-The 'lets clap at everything' gang. 26/04/12- Farage “We need cuts and deregulation” (Mass applause). Audience member “I support TUSC, we need to stop cuts now!” (Mass Applause). As you can see QT has evolved beyond logic. It is apparently possible for the audience to support two opposing positions at once without any hint of irony or confusion. Use this to your advantage. Do not fear extolling views completely the opposite to those just applauded. Someone wants us to get rid of trident? Demand we nuke France! Another gets applause for praising democracy? Demand a Platonic state ruled by philosopher kings! In QT the extent of applause is directly proportional to the illogical nature of what was said.

-And a bunch of baby-faced young libertarians in suits who've just fapped off to their first Milton Friedman video. “You know people should really leave the innocent bankers alone...” (03/05/2012) The advantage here is that only the 0.0000000001% of the population who find libertarian economics sexually arousing and for whom the “invisible hand” is a form of hands-free masturbation, will ever agree with these sentiments.

Generally these rules if followed will at least help you survive a QT appearance. However, the big potential slip up is the wild-card panel member. This person is apparently meant to represent “civil society” but this is used to justify putting anyone and everyone on. The latter part of this guide will deal with how to tackle these modern Ciceros.

-Galloway. Easily defeated by making unsubstantiated links to “Arab dicktators”. It does not matter whether these are true or whether you are committing a gross act of hypocrisy as a golden rule of QT is that any negative point will always be lapped up by the crowd because “all politicians is liars, innit?” Unless of course, like David Aaronvitch, you are a former communist, in which case it means someone is actually more left wing than Galloway and the universe collapses under the weight of such a paradox.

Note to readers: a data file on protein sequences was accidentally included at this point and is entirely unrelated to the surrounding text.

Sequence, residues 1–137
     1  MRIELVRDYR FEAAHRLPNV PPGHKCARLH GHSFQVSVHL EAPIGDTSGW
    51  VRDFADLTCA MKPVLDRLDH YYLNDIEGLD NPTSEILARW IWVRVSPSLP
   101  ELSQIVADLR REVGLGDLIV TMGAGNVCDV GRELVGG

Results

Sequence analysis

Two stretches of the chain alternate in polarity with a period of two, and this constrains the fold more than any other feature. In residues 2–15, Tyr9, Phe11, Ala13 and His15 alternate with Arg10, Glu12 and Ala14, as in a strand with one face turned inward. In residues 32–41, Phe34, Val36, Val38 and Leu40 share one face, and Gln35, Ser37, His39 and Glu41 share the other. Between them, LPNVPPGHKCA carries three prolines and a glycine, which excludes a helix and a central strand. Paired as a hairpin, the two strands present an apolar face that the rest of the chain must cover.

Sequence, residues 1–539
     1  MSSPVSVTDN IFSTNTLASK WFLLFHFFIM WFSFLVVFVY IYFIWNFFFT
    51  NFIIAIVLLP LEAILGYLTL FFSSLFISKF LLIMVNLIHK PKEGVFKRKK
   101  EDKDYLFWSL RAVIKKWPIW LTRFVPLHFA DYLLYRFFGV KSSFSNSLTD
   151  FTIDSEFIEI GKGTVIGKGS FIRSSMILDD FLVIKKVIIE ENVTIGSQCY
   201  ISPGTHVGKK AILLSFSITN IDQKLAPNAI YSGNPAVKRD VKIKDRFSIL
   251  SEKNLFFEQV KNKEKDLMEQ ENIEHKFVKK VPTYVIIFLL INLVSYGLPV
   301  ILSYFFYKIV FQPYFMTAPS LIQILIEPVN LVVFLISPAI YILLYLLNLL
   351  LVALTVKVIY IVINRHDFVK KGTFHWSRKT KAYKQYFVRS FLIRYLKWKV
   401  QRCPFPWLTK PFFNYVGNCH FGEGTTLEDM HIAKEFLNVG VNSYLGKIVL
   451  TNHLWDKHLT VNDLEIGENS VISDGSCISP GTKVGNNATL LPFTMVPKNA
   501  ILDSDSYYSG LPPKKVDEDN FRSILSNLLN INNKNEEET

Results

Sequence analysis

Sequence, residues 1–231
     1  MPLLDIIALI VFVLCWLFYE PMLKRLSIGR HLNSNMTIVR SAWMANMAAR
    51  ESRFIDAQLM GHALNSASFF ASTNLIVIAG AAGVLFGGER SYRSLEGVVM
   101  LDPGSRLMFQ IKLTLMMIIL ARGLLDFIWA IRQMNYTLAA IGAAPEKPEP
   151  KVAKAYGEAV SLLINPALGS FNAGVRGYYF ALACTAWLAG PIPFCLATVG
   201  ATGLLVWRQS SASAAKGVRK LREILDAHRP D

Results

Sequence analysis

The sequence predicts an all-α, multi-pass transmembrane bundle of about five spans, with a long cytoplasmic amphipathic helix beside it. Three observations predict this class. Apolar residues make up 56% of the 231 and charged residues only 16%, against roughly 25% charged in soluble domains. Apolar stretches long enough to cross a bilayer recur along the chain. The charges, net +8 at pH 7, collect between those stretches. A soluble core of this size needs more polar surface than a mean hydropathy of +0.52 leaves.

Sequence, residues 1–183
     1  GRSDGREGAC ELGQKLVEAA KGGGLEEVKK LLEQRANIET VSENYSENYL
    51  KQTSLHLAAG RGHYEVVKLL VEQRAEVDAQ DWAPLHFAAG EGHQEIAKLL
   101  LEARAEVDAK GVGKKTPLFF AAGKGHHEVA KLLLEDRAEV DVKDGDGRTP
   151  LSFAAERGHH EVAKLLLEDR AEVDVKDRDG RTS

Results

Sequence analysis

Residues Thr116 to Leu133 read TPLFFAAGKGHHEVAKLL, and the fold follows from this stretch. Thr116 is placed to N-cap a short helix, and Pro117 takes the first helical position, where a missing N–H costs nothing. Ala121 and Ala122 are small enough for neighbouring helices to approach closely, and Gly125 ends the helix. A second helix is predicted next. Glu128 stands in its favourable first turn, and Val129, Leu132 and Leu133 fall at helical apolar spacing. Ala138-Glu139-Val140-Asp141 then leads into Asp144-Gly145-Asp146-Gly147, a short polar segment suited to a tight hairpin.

-The Taxpayer's alliance (TPA). By calling itself the TPA these guys can claim to know exactly what taxpayers want and what they are thinking on every issue. No doubt they have chips in all our brains or something, how else would they know what everyone wants and how it just happens to be the interests of their organisation's tax-dodging owners. Also, their frequent appearances must be due to some forgotten referendum where they won a massive majority of everyone declaring that they should represent our views on every issue. I mean why else would they be on every other week? Only by doing exactly what these infallible arbiters of public opinion want you to, do you, the humble elected politician, have a chance of survival. In fact apply the Dacre formula here; Unelected, obnoxious, unrepresentative right wing organisation funded by millionaires=public opinion.

-Julie Meyer. Although only appearing once on QT (16/02/2012) Julie Meyer was easily the best panel member ever. In what, for the purposes of my sanity and general faith in humanity, must have been a brilliant satire, this random US businesswomen was deemed acceptable as the representative of British civil society. Constantly answering questions with words like “Digitisation! Entrepreneurship!”, she pulled off the greatest coup in QT history, doing what Cooper and Miliband could only dream of, by not even trying to answer the question. When asked her views on police commissioners she simply said “I don’t know much about this issue”. That's it. Having been asked to go on a UK political debate show where we would hope that one would prepare for by researching current affairs, she simply refused to answer the question. Avoid her at all costs. Until then I did not think it would be possible to actually defeat Question Time itself....

With this guide you should now be well on your way to upholding the illusion of British democracy via its most popular televisual outlet. Never again shall you fear the cries of Galloway or the sneers of the TPA. Never again shall you forget not to sit back in your chair or fail to quote Churchill. But above all remember this; the more implausible your answer sounds, the less like it seems you've answered the question, the more likely it is you will get applause.